Henry Moore and the Venus figurines....
Henry Moore and the Venus figurines....

Henry Moore and the Venus figurines. Art and human identity

€ 38,00 

Francesca R. Borruso

Traduzione a cura di Marcella Matrone

2023, 216 pp., ill. b/n

Copertina con bandella brossura filo refe 16,8 x 24 cm

ISBN: 9788899847524

e-ISBN: 9788899847531

DOI 10.57627/9788899847531

   Supported by Henry Moore Foundation

Acquista su Torrossa: versione digitale

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Henry Moore’s profound interest in the art of prehistory touched on many different aspects, from his early studies on and drawings of small sculptures and bas-reliefs of female creatures known as Palaeolithic Venuses (1926), to ‘Primitive Art’ (1941), written a few months after the bombing of London, and finally to Three Standing Figures (1948), Seated Woman (1958) and Three Quarter Figure (1961). The thread of passionate and continuous coherence that intertwines Moore’s interest in primitive art with his own art, from drawings to grandiose sculptures, unfolded over his entire life, permeating his in-depth research into human identity. Following Moore’s research, we reach back into the first archaeological discoveries in the second half of the 19th century, and the hostility and radical opposition the existence of human beings living thousands of years apart, and their art, aroused in the academic and religious environments. At the time of Moore’s first drawings, these positions were still dominant – only recently, have we started to consider an age so far back in time as Deep History, our own Deep History –, which contrasted with what Moore had always sensed. For instance, drawing from his own identity as an artist and a human being, Moore never perceived any discontinuation with first human beings’ existence and art. To him, ‘Art is a universal continuous activity with no separation between past and present’.

Edizioni Espera

Foreword: M. Mussi, Speaking of Henry Moore and the Venus figurines;


I. The Venus figurines: between hate, love and misunderstanding; 1.1 This one that I gaze at again and again, is a beautiful woman; 1.2 They appeared repellent and obscene; 1.3 Henry Moore’s first few visits to the British Museum; 1.4 Human realism and a full richness of form; 1.5 Moore’s research on hollow spaces; 1.6 Artists’ intuitions, scholars’ reflections; 1.7 It is a mistake to write very often;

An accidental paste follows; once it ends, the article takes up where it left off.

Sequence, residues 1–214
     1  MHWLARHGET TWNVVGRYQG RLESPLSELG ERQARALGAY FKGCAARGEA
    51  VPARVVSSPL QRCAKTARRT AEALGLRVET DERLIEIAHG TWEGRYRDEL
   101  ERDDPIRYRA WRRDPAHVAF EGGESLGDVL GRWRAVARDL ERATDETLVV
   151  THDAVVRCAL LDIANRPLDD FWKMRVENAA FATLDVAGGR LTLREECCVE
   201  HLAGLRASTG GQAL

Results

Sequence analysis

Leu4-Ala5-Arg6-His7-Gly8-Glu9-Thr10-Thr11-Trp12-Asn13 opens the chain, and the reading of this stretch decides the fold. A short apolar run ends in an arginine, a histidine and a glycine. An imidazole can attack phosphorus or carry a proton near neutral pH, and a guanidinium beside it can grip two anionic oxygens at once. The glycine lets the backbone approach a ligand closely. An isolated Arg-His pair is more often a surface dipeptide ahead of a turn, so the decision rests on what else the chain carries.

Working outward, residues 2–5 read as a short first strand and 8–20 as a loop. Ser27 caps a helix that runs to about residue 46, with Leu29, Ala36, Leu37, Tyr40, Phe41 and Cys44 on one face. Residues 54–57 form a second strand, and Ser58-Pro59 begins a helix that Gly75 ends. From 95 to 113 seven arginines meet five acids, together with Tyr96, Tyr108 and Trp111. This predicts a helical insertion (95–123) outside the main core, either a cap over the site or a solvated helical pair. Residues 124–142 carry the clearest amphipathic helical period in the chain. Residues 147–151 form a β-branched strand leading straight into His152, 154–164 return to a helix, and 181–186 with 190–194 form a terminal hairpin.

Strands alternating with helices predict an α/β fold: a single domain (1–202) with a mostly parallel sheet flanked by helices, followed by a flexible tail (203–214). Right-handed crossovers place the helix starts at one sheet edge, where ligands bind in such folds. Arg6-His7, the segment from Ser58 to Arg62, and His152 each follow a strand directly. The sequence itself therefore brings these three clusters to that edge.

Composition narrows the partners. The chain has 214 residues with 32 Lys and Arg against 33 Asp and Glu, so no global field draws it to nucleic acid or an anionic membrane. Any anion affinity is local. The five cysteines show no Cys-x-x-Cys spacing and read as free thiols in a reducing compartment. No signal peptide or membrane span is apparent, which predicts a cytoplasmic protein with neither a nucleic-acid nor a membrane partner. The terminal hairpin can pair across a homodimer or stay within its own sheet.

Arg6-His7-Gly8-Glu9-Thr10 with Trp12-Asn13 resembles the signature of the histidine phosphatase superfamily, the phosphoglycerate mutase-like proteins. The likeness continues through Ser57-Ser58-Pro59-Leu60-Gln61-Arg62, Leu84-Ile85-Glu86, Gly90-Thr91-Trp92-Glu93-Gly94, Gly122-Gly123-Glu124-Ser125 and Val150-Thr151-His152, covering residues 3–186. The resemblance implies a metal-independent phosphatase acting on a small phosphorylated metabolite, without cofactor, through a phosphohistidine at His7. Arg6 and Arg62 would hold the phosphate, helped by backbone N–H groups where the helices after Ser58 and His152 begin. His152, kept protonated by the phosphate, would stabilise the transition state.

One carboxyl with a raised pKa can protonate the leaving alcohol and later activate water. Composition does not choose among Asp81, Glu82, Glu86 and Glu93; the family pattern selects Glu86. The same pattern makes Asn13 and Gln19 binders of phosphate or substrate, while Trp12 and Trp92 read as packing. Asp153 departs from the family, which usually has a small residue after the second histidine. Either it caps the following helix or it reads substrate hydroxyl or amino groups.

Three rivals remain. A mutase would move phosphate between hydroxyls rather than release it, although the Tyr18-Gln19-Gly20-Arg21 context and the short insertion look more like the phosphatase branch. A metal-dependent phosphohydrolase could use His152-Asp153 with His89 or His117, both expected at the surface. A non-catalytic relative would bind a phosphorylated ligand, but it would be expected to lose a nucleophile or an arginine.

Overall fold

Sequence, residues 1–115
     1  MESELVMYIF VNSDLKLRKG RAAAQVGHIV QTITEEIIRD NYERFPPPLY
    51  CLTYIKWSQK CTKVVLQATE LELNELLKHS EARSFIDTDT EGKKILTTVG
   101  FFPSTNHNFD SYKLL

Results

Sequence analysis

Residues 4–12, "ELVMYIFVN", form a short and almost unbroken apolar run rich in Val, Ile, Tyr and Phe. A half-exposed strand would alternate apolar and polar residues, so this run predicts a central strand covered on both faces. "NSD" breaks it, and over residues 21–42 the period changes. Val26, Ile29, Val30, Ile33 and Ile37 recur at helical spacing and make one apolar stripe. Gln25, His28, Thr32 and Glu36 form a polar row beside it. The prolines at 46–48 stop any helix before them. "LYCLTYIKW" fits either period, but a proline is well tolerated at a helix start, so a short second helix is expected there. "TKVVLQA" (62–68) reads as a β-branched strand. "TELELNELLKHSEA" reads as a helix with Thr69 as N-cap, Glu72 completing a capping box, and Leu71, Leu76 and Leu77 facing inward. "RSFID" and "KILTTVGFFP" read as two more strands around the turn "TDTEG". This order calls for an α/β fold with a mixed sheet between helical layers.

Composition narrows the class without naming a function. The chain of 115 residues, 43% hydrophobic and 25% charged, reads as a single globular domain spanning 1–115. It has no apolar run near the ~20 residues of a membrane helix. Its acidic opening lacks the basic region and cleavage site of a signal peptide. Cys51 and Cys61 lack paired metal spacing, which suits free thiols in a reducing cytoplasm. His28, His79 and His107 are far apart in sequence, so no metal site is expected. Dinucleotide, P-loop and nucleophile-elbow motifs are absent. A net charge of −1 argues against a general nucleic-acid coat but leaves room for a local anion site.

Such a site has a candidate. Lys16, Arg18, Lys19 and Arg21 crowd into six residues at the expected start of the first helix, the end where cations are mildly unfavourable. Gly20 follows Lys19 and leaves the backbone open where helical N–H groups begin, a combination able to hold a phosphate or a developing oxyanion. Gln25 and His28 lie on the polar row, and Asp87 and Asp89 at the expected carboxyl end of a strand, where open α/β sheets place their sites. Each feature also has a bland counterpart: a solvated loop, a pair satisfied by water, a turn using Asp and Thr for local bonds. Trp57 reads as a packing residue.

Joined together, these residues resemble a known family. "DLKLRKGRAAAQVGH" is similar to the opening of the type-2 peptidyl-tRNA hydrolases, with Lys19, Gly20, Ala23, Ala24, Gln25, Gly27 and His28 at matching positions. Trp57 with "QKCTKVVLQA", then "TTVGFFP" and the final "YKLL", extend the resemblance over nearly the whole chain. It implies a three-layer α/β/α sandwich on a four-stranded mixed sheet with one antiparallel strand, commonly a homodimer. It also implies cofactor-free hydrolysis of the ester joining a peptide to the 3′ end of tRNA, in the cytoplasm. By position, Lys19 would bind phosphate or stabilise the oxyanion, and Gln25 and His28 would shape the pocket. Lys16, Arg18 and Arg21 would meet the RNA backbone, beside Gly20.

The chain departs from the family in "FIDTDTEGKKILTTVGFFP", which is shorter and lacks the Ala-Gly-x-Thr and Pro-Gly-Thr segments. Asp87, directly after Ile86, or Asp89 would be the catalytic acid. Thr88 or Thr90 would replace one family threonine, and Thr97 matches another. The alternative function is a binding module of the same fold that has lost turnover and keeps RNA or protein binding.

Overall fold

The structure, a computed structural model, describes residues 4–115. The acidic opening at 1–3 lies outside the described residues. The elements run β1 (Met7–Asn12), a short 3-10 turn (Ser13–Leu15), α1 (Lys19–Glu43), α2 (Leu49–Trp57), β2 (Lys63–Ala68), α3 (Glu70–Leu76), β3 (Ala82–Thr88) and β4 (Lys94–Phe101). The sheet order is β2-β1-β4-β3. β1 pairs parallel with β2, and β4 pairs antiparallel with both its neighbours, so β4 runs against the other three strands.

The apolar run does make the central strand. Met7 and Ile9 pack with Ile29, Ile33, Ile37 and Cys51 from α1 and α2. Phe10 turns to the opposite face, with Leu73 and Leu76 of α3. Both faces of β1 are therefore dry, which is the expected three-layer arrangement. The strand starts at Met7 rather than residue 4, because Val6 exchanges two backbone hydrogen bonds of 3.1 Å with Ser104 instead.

II. Sculpture in air is possible; 2.1 Sculpture in air is possible; 2.2 A delicate neck; 2.3 The Venus of Barma Grande; 2.4 The amber horse and other animals; 2.5 The mystery of the Venus of Berlin; 2.6 Venuses, women and many children; 2.7 The mystery of the tiny ivory head;

III. Intuitions, certainties and obsessions; 3.1 ‘[…] This pinpointed something in my mind and I knew from then onwards. I had always wanted to become a sculptor […]’; 3.2 ‘What is a cave? A cave is a shape’; 3.3 World War I and the boys of 1899; 3.4 Leeds and Moore’s first steps. A Gauguin, a wonderful Gauguin!; 3.5. London and the Royal College of Art; 3.6 The Suckling child and the mutilated breast; 3.7 Travelling to Altamira and the Dordogne caves; 3.8 ‘[…] I hate fascism and Nazism! […]’ The Shelter Drawings;

IV. Discovering prehistory; 4.1 Moore and prehistoric art; 4.2 In the hollow of one hand; 4.3 In the pockets of reindeer-made clothes; 4.4 Disproportion and identity; 4.5 The epic of prehistory; 4.6 Fossils between history and legends. From Russian mammoths to Henry Moore’s elephant; 4.7 A mysterious fascination. Findings from the early nineteenth century to the late twentieth century; 4.8 Boucher de Perthes, dreams, imagination and denials; 4.9 Altamira, the forgotten cave;

V. Henry Moore and the mocked Venuses; 5.1 The marquis and the statuette; 5.2 The Hottentot Venus; 5.3 The construction of a scientific myth; 5.4 Science and inhumanity; 5.5 Here and now, and part of the real life; 5.6 The tiny Venuses: Eve and Magdalene; 5.7 She was entirely the moon of my father’s sun;

The tough and the tender;


Basic Bibliography.

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